The challenges are for innovations in low-cost launch technology, energy-storage, and robotics, NASA Centennial Challenges program manager Andy Petro said at the NASA Office of the Chief Technologist Industry Forum Tuesday, where NASA unveiled the awards.
Centennial Challenges are awards NASA has been giving since 2005 to individuals, groups, and companies working outside the aerospace contractors with which the agency usually works. They are aimed at discovering innovation in technology areas that NASA hopes to make dramatic advancements, and are awarded only after a competitor has successfully demonstrated it can meet the challenge.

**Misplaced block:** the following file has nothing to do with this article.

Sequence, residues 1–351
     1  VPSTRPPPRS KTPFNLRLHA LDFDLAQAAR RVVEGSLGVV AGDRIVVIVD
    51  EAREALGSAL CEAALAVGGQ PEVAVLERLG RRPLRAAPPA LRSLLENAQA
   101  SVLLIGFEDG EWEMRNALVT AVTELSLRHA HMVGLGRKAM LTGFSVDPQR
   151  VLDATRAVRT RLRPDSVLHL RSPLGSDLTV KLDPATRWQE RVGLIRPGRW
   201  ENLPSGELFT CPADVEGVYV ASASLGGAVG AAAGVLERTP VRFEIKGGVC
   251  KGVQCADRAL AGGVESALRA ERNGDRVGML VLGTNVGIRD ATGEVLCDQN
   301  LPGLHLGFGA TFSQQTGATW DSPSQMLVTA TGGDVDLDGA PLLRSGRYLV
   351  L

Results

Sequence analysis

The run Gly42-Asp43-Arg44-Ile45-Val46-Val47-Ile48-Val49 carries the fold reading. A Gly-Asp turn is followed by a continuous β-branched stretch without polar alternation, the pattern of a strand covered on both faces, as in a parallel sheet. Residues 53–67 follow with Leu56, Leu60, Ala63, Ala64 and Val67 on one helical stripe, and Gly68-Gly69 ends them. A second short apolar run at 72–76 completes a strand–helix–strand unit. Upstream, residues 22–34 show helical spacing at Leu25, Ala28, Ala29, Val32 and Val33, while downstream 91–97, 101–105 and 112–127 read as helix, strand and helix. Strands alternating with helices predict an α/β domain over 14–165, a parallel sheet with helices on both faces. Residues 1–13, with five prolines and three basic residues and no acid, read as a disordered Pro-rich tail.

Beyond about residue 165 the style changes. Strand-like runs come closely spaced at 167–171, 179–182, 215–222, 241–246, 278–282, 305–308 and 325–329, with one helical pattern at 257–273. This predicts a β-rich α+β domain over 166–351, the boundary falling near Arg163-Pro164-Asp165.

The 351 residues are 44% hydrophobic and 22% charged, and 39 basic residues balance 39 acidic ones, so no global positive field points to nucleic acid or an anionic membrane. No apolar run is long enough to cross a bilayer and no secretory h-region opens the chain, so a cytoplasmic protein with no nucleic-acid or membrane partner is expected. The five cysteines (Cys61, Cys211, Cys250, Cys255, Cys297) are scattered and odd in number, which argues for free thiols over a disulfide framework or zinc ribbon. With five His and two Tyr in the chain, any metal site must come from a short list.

The Nano-Satellite Launch Challenge, worth $2 million to the winner, is to place a small satellite into Earth orbit twice in one week. Petro said the focus for the award is more to develop low-cost launch technology than on finding new innovations in satellites. NASA also hopes to encourage the creation of commercial nano-satellite delivery services.